Help other customers find the most helpful reviews 
Was this review helpful to you? Yes No


78 of 94 people found the following review helpful
5.0 out of 5 stars This book may change the world, July 21, 2011
This review is from: The Beginning of Infinity: Explanations That Transform the World (Hardcover)
David Deutsch's explanation of the transforming power of knowledge to change not only ourselves, but everything around us, has the potential to challenge and eliminate multiple parochial beliefs that hinder humanity's pursuit of its highest moral purposes.

Our current understanding of the laws of physics is that they describe a world, the structure of which can be modeled by general purpose (universal) computers as long as they have sufficient memory and processing speed. This was explained in David Deutsch's first book, The Fabric of Reality: The Science of Parallel Universes and Its Implications, and in this new masterpiece, The Beginning of Infinity: Explanations That Transform the World.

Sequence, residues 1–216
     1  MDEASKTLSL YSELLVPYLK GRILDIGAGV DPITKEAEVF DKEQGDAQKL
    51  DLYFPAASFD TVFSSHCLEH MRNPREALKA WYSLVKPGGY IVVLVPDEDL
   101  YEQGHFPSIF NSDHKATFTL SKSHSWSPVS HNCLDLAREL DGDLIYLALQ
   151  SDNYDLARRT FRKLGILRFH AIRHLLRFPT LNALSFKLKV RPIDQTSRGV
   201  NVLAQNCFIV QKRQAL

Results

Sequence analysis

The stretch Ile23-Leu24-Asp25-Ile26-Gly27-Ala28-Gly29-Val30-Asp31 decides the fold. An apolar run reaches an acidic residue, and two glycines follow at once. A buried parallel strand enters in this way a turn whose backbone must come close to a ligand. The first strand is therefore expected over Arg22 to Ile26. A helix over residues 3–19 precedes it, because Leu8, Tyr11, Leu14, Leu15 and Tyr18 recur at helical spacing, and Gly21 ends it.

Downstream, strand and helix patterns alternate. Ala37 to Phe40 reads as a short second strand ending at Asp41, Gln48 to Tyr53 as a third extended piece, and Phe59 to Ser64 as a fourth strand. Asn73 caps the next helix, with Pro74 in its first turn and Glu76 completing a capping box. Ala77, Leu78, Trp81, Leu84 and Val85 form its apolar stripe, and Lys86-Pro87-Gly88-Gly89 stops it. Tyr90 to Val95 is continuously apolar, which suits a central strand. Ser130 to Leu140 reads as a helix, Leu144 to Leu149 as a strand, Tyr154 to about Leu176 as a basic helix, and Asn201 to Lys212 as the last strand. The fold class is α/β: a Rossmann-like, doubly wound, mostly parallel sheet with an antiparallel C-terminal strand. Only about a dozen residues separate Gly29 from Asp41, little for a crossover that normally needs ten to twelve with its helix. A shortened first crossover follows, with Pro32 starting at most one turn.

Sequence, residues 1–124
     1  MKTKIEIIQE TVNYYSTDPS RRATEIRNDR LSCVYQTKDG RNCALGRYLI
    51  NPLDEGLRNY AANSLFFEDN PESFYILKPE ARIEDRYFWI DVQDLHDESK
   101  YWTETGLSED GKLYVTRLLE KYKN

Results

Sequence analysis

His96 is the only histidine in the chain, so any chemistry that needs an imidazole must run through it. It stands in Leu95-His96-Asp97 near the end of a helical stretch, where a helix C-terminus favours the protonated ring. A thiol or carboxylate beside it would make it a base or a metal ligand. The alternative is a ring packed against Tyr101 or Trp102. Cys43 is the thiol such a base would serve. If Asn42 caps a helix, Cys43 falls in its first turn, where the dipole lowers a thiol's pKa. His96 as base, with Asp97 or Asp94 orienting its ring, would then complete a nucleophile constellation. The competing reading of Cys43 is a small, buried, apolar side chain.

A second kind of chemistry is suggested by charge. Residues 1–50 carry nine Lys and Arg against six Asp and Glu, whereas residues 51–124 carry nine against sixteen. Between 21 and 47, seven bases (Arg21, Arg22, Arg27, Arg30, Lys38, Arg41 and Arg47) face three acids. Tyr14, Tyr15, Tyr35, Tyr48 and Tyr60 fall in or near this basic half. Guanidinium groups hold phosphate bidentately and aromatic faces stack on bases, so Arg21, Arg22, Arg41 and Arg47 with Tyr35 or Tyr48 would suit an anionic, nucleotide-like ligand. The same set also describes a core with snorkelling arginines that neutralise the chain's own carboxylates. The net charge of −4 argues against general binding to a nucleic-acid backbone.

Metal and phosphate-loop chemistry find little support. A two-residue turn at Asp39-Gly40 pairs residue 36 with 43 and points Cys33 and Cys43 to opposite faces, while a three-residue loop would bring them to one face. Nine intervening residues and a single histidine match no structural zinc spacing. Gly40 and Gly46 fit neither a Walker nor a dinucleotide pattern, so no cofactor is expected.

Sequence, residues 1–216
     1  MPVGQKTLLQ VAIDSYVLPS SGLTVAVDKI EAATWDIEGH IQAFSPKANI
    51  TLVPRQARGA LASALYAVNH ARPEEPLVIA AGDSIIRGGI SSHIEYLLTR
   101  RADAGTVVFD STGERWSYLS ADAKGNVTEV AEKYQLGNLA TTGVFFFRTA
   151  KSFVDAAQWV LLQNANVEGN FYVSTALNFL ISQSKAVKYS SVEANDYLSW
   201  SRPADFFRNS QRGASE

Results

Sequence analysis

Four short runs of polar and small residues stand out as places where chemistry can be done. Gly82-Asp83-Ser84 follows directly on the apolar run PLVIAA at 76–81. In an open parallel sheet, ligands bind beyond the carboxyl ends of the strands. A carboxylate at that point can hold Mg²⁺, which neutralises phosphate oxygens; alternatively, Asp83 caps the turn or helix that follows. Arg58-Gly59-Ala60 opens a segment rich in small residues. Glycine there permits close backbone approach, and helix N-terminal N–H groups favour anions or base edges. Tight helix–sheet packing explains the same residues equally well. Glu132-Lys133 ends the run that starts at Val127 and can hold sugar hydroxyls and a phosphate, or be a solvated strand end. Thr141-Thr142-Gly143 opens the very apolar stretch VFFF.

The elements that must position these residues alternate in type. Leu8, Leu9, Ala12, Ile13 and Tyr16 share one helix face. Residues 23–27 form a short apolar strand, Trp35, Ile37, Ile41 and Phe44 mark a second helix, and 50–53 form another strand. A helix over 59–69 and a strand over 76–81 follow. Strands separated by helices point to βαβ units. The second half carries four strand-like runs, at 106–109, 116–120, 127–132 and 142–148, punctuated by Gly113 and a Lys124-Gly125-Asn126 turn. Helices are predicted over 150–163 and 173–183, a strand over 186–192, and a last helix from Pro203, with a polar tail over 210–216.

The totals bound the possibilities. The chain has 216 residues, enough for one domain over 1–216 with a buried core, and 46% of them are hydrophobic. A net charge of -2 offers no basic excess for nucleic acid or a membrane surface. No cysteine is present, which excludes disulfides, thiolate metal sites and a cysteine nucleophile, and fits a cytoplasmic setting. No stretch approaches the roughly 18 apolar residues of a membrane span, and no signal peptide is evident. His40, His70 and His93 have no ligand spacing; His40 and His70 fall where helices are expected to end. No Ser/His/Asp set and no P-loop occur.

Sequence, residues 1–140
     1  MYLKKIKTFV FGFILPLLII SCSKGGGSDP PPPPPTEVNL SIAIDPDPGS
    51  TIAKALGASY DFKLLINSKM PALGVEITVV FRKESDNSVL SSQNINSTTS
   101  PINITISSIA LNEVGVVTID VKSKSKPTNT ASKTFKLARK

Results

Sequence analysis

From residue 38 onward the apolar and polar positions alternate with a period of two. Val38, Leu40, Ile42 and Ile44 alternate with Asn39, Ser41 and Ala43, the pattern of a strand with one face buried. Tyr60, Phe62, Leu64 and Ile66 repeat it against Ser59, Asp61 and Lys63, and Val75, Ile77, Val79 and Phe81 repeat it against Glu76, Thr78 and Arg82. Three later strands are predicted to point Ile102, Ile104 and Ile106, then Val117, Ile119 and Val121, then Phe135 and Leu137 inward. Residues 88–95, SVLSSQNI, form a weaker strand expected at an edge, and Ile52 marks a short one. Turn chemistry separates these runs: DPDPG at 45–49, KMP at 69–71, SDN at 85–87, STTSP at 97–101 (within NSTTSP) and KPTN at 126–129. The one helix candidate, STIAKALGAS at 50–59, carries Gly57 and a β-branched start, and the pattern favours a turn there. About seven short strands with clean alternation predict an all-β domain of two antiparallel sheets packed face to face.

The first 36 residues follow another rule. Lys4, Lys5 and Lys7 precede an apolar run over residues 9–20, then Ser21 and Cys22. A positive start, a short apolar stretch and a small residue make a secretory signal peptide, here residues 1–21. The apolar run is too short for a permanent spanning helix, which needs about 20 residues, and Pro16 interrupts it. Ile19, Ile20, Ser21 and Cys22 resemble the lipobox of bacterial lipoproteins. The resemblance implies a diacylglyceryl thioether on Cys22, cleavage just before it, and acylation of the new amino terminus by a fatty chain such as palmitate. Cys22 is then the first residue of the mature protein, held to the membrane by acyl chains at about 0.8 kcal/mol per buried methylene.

What logically follows is that with the aid of computers that increase our own effective memory capacity and speed, human beings can become increasingly powerful universal computers, thereby gaining the ability to model and understand, with ever increasing accuracy, all aspects of reality.

But current laptops are also universal computers and their speed and memory capacity can be increased, as well. So what is the difference between us and them?

According to David Deutsch, it is our ability to explain things. We do not yet understand how to design this ability to explain things, otherwise we would be able to create computers that are intelligent, though David Deutsch has no doubt that one day we will.

Our ability to explain is a precious evolutionary advance with far-reaching consequences. This is so because the ability to explain one aspect of reality can have universal reach (apply not just to the circumstances that the explanation was designed for, but to the rest of the universe, as well, if the explanation correctly incorporates aspects of the universal laws of physics).